Women and Heart Disease

By Nicki Goben, MS, RD, CDN

We’ve all seen that dramatic scene of a man in a movie suffering from a heart attack clutching his arm or chest and falling to the floor. However, we rarely see such a scene involving women. But did you know that heart disease is the number one killer of women? One in four females in the United States dies of heart disease. There are numerous misconceptions about heart disease in women that could be leading to your increased risk. Below we’ll cover some vital information on heart disease risk factors, tips for decreasing your risk for disease, and heart attack warning signs in women.

What is heart disease?

Heart disease includes numerous problems, which are related to a process called atherosclerosis (when plaque builds up on the walls of arteries). This process narrows arteries, which makes blood flow more difficult and increases risk for a blood clot, which can cause heart attack or stroke.

What are the risk factors for heart disease?

Having one or more risk factors dramatically increases a woman’s chance of developing heart disease. There are some risk factors that you can’t control, however, many you can (these are the modifiable risk factors listed below).

Non-modifiable

  • Age (55 or older for women)
  • Having a family history of heart disease
  • Having a history of preeclampsia during pregnancy
  • Previous stroke or heart attack

Modifiable

  • High blood pressure
  • High cholesterol
  • Diabetes and prediabetes
  • Smoking
  • Being overweight or obese
  • Being physically inactive
  • Unhealthy diet

Find out your personal risk for heart disease by talking to your health care provider. You should have a good idea of where your blood pressure, cholesterol, blood glucose and Body Mass Index (BMI) fall into recommended guidelines. In order to reduce your risk factors, try to focus on eating a healthy diet, being physical active (aim for 30 minutes each day) and quitting smoking.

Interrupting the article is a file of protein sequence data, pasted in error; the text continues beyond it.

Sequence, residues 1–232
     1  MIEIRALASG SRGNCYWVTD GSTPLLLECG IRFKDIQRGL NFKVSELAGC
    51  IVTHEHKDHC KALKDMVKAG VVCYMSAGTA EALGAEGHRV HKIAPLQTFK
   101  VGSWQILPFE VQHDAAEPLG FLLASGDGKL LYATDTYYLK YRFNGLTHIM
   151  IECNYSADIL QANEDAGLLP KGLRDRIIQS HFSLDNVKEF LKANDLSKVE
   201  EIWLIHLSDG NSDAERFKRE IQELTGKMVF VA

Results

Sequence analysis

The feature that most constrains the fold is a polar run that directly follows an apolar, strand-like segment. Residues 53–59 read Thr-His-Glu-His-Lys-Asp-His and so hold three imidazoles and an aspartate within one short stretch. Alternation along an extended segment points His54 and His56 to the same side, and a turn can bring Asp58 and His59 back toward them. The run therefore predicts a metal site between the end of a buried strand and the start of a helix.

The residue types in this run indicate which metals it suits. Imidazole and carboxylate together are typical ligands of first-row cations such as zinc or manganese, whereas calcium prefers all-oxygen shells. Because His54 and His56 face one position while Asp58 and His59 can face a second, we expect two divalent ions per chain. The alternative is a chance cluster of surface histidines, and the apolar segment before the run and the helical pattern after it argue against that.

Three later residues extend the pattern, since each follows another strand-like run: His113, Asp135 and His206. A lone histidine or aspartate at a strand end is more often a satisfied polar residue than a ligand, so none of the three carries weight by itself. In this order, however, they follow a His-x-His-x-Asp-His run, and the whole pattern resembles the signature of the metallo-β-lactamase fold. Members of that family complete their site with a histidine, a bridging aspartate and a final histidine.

What are heart attack warning signs in women?

 In women, warning signs may be less obvious than in men. Review the signs below, pay attention to your body, and always call for help if anything appears unusual.

  • Uncomfortable pressure, squeezing, or pain in the center of your chest. It may last for more than a few minutes or go away and come back.
  • Pain or discomfort in one or both arms, the back, neck, jaw or stomach.
  • Shortness of breath. There may or may not be chest discomfort.
  • Breaking out in a cold sweat, nausea or lightheadedness.
  • Similar to men, a woman’s most common symptom is chest pain or discomfort. However, women are more likely than men to experience other symptoms such as shortness of breath, nausea/vomiting and back or neck pain.

If you have any of these signs, call 9-1-1 and get to a hospital right away.

Join us in kicking off February, American Heart Month, by participating in National Wear Red Day® on Friday, February 3. Support the cause by wearing red to raise awareness for heart disease in women and use the information here to share the facts!

 

National Wear Red Day® is a registered trademark of the U.S. Department of Health and Human Services and American Heart Association.”